My question is this: Why the thin skin? Not just you, but fanboys in general. So Roger Ebert describes something you obviously identify as your own lifestyle as idiotic. So what? I'm not above a few geeky interests here and there. I enjoy the odd Star Trek episode, I dig me some Batman — I think this blog has spoken rather emphatically to this over the years. And if some know-it-all literary critic or whoever published an essay saying, for instance, that Charles Bukowski was just a drunk who never wrote anything worth reading, I would sure as hell disagree, and I might even take it a little personally.

In fact, a few years ago when Ebert's webmaster Jim Emerson wrote a somewhat dismissive article about Bukowski, I responded with a post of my own.

But God help me if I ever go off on a rant like your BLAARGH! column. I don't know if you realize what a whiny little pussy you sound like in that. Jesus. Pull it together. And try to keep a little perspective. There are worse things in the world than being called a fanboy.
Sunday, March 15th, 2009 | 05:33 pm (UTC) - Re: Thanks for the kind words!
Anonymous
Meh. Your inability to discuss without being condescending is unfortunate. I was trying to take the high road. I COULD have pointed out the humor behind reading the words "nerds understandably seek the refuge of the internet. Here they can... take out their lifetime of pent-up raging aggression on lesser nerds and (sweetest of all) non-nerds who wander through their digital domains" in a livejournal that talks about giving wedgies to people you disagree with, but I chose to leave that alone. Now I figure it's fair game.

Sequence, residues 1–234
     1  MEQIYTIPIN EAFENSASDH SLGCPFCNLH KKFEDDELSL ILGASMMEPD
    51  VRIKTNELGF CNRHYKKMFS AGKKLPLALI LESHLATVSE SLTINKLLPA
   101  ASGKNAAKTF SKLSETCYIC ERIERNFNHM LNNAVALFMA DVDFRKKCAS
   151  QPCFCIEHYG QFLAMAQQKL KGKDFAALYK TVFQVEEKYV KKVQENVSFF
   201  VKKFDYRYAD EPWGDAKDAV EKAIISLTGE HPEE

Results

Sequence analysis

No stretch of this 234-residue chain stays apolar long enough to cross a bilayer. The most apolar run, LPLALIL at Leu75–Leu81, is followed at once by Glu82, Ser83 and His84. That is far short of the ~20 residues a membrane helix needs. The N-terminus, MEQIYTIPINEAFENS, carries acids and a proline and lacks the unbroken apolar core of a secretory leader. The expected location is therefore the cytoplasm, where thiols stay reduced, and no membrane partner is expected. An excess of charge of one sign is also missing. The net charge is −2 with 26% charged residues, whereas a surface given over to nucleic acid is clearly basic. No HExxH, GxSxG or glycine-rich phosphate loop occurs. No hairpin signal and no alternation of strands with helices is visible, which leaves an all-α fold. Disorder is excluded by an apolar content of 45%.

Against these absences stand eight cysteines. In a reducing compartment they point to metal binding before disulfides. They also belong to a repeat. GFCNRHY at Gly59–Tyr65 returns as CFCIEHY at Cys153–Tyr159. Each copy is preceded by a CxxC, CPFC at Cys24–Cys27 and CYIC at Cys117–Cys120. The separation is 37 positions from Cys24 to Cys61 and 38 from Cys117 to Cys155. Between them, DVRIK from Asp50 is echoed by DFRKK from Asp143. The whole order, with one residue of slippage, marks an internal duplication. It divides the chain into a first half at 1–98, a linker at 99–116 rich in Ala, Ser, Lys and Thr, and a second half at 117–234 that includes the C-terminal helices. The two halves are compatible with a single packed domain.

More importantly, however, let's discuss the review. The first two paragraphs thereof have nothing to do with the movie. They're nothing but an attack. From someone I otherwise respect. That's what bothers me, the fact that someone capable of so much more is choosing to go this route for Ebert-only-knows what reason.

So, maybe God should help you. It seems like rants like my BLAARGH! column may just be your stock and trade. If you think I sound like a whiny pussy for my POV on Roger's review, consider how others must think your livejournal reads.

Sunday, March 15th, 2009 | 06:18 pm (UTC) - Re: Thanks for the kind words!
Your column was a stung overreaction to a perceived insult, and you sounded like a little kid who was being picked on by an older boy. If this were actually the case, I'd probably be on your side. But you're not a little kid. By your own description, you're an adult with a job and a family and probably a reasonably fulfilling life. I just don't see why what Roger Ebert thinks about your nerd-dom matters.

Sure, a guy you respect wrote something less-than-glowing about something you care about. I get that part. It's the tone of your response, and the utter lack of self-awareness you displayed, that I have a problem with.

I think I've got a pretty good handle on who I am and what I do here. You're right to say I come off as condescending a lot. It's not something I'm proud of, and I hope the greater part of what I've written here in the last almost-three years has been better than that, but sure, it's happened. (This article about K.O.G. Media jumps to mind — even I think I sound like a pompous ass in that one.)

I'm embarassed by a few of the things I've written here. I don't think you are embarassed by your anti-Ebert BLAARGH! column. But you ought to be.
Monday, March 16th, 2009 | 11:19 am (UTC) - Re: Thanks for the kind words!
Anonymous
Fair enough.

For the record, as I don't know whether or not you've been back, I HAVE added an addendum speaking to Roger's overall quality as a film critic. I maintain my stance on this one review, but I figured I ought to throw that in there since I hadn't mentioned it previously.

I still think you miss the point, since it's got little to do with the fact that I AM a fanboy that this review bothered me so much. If I'd read a review of his on any film where he went off on the subject of the film rather than the movie itself, I think it would bother me. The fact that this WAS my subculture only served to further my distaste for it.

Regardless, it's been a pleasure conversing with you. Good luck for the future.
Monday, March 16th, 2009 | 01:59 pm (UTC) - Re: Thanks for the kind words!
Same to you, Jason. Thanks for taking the time. It was fun.